Cinephiles, distributors, publicists, visiting directors and actors, working press with deadlines—consider how many folks are affected by shoddy presentations like the one I sat through at the Neptune a couple weeks ago (before SIFF reportedly spruced up the joint, in response to a flood of complaints). That was my only opportunity to see Beginners, which I was reviewing for MSN/movies.com. No exaggeration: It was the worst screening I've ever attended. Sound so muddy you could not make out the dialogue, a dim screen, folding chairs on a concrete floor lacking any rake (slope) at all. Didn't anyone from SIFF check out this untenable venue before the festival started?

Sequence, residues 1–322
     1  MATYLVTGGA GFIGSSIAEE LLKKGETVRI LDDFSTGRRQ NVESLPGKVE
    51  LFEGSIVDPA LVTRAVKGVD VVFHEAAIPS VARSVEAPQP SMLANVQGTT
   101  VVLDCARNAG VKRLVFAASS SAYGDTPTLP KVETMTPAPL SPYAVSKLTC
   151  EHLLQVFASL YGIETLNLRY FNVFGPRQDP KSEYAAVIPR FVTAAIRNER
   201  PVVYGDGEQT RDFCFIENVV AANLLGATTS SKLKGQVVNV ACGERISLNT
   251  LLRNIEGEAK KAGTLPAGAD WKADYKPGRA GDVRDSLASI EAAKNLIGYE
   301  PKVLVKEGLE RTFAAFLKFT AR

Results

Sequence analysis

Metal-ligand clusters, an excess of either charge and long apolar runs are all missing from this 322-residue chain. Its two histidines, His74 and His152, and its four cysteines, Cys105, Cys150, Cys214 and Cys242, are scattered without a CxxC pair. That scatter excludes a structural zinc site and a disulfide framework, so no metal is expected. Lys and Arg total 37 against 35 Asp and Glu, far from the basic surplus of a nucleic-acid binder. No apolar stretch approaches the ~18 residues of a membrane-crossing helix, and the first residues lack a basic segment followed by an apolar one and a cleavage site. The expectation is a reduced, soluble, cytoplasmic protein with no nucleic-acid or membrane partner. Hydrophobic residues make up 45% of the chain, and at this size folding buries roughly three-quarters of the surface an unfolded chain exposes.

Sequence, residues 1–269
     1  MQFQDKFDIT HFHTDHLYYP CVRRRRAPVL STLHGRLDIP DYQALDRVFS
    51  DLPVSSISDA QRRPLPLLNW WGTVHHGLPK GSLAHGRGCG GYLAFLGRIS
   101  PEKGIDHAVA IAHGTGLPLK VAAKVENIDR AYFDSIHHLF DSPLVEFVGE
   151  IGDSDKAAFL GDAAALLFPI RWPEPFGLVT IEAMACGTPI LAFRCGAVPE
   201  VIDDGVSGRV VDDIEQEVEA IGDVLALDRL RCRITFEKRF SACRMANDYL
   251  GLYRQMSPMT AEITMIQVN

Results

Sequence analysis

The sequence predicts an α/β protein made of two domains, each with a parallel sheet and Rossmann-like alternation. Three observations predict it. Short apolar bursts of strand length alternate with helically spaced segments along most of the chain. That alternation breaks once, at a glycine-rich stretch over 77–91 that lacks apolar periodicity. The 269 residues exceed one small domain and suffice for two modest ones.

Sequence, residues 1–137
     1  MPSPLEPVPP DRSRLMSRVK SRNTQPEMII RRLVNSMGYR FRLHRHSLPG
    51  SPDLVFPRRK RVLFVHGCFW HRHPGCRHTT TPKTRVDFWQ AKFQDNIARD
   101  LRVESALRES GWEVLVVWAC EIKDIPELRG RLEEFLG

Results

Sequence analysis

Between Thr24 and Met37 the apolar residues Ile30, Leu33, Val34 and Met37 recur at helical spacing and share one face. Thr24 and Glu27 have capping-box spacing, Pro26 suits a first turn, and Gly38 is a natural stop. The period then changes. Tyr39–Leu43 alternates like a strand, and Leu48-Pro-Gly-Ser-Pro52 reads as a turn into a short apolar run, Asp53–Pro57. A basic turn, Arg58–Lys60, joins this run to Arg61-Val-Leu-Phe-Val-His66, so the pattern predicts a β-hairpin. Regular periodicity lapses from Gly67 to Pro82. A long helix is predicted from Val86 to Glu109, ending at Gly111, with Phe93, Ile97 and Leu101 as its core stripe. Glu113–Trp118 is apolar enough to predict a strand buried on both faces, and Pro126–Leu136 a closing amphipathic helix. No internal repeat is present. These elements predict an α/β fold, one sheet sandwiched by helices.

Seattle theater audiences are notorious for giving standing ovations across the board. So, too, many fellow festivalgoers are such fervid SIFF supporters, they just smile through egregious technical screwups and way too much mediocrity on the screen. What hope do we have of encouraging this important festival to do better, if most folks either don't notice or don't care that the biggest, with increasing frequency, falls short of being the best? Falls short, indeed, of being adequate.
On Thursday evening we and others in the local media were e-mailed "A Note Regarding Recent Issues at SIFF Press Screenings" from the publicity department of SIFF Cinema. We appreciate the message and think it's appropriate to append it to Kathleen Murphy's account of the abortive press screenings. —RTJ
June 9, 2011
Dear SIFF Members of the Press,